Dear Secretary Pritzker:
We are concerned by reports that the Department of Commerce may resolve the recently filed antidumping and countervailing duty cases on imported sugar from Mexico by imposing import quotas on Mexican sugar via a suspension agreement with the Mexican sugar industry and Government of Mexico. Such a suspension agreement will violate our nation's commitment to free and open trade with Mexico, threaten the viability of American food manufacturers and raise food prices for American families.
Under the terms of the North American Free Trade Agreement (NAFTA), the United States and Mexico are allowed to trade sweeteners amongst each other without duties or quotas. NAFTA's creation of an open market in sweeteners was carefully negotiated and implemented over a period of 15 years and finalized in 2008. This mutual market access is beneficial to the United States: U.S. growers and refiners do not produce enough sugar to meet the demands of U.S. consumers, and imports are necessary to keep America's food manufacturers competitive in the global marketplace.
In 2013, due to factors outside of the scope of these antidumping and countervailing duty cases, global sugar prices fell dramatically, and in the United States prices fell below minimum levels guaranteed by the Department of Agriculture. This resulted in $258 million in federal payouts to the sugar industry at taxpayer expense, as a result of the failed federal sugar program. Mexican growers are being blamed for the decline in U.S. prices, but Mexican sugar does not threaten our domestic industry. To the contrary, since 2008, American sugar producers have expanded their domestic market share, increased production by 13 percent and experienced some of their highest profits on record during four of the past seven years.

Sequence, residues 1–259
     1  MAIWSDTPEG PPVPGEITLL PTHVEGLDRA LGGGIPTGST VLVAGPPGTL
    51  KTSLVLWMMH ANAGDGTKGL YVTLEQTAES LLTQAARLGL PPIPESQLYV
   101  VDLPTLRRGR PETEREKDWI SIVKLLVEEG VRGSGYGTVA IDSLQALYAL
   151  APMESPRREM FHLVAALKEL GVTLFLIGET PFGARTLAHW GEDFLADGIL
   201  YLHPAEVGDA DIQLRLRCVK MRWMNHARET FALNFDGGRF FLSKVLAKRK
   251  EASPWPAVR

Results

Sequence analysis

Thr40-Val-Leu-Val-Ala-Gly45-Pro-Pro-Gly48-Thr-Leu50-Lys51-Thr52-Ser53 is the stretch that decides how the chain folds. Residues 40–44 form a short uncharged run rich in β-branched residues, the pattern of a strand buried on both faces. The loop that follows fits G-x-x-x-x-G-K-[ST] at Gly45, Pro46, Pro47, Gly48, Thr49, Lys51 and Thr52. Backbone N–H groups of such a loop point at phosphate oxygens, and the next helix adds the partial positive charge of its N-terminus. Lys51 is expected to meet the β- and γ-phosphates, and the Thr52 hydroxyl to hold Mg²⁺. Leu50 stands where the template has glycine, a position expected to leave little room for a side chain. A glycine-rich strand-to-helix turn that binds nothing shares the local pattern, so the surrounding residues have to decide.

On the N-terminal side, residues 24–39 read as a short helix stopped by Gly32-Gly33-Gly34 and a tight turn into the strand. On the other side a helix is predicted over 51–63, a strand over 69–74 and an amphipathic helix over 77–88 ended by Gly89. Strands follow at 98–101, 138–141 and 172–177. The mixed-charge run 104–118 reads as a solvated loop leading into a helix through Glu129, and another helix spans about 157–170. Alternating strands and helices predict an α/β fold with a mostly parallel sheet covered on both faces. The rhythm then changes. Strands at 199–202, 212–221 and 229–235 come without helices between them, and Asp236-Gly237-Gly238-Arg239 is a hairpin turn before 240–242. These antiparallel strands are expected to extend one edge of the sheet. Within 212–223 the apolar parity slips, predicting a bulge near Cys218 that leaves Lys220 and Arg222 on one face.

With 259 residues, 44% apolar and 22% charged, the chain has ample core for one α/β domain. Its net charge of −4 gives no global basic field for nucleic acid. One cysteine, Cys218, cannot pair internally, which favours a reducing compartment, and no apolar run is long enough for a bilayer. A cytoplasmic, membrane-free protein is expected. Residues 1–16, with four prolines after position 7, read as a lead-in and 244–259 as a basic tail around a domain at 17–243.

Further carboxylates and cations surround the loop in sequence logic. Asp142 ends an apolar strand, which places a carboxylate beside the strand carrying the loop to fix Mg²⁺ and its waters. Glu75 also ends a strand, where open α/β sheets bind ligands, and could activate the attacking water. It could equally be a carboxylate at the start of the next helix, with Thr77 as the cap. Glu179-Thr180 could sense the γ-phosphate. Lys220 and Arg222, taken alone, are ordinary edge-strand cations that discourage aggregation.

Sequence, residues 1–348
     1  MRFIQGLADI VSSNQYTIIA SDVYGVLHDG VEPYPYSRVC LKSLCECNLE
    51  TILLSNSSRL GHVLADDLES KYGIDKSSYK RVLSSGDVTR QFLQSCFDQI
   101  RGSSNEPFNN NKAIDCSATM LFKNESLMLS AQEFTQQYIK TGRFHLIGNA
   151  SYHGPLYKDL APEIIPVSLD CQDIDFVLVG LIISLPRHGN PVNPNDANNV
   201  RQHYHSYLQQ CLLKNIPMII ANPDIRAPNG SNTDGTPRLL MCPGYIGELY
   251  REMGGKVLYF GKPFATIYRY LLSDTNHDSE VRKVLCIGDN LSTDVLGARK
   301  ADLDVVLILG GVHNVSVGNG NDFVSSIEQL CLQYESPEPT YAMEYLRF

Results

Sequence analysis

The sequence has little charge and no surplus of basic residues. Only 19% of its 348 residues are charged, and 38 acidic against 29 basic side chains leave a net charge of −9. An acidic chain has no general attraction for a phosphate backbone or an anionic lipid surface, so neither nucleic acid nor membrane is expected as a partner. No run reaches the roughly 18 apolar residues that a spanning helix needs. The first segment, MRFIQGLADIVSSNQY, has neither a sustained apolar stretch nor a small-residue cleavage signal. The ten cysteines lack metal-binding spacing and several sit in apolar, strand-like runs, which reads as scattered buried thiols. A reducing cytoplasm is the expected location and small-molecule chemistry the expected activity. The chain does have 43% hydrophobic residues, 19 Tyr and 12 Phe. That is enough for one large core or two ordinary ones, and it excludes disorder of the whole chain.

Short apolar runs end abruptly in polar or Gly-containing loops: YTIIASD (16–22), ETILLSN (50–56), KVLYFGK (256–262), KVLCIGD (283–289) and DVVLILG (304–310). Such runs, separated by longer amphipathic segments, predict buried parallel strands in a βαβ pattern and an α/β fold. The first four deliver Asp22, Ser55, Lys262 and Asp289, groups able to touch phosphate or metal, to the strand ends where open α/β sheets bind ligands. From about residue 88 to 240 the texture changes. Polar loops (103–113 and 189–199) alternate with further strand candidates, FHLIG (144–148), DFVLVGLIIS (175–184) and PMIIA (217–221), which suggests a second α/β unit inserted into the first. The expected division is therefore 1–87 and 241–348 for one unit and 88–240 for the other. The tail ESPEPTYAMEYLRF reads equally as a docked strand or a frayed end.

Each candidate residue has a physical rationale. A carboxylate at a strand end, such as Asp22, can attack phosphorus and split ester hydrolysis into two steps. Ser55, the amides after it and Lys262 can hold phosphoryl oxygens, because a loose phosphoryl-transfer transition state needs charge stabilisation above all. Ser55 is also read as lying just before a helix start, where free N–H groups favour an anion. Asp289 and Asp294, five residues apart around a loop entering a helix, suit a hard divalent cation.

Any managed trade agreement between the United States and Mexico, whether in the form of a suspension agreement or other mechanism, will raise sugar prices in the United States. This will cost American jobs, hurt consumers and encourage retaliatory trade actions to the detriment of both the United States and Mexico.
We urge you to carefully consider your agency's obligations under current law and NAFTA and reject calls to weaken the U.S.-Mexican trade relationship.
Thank you for your thorough attention to this matter.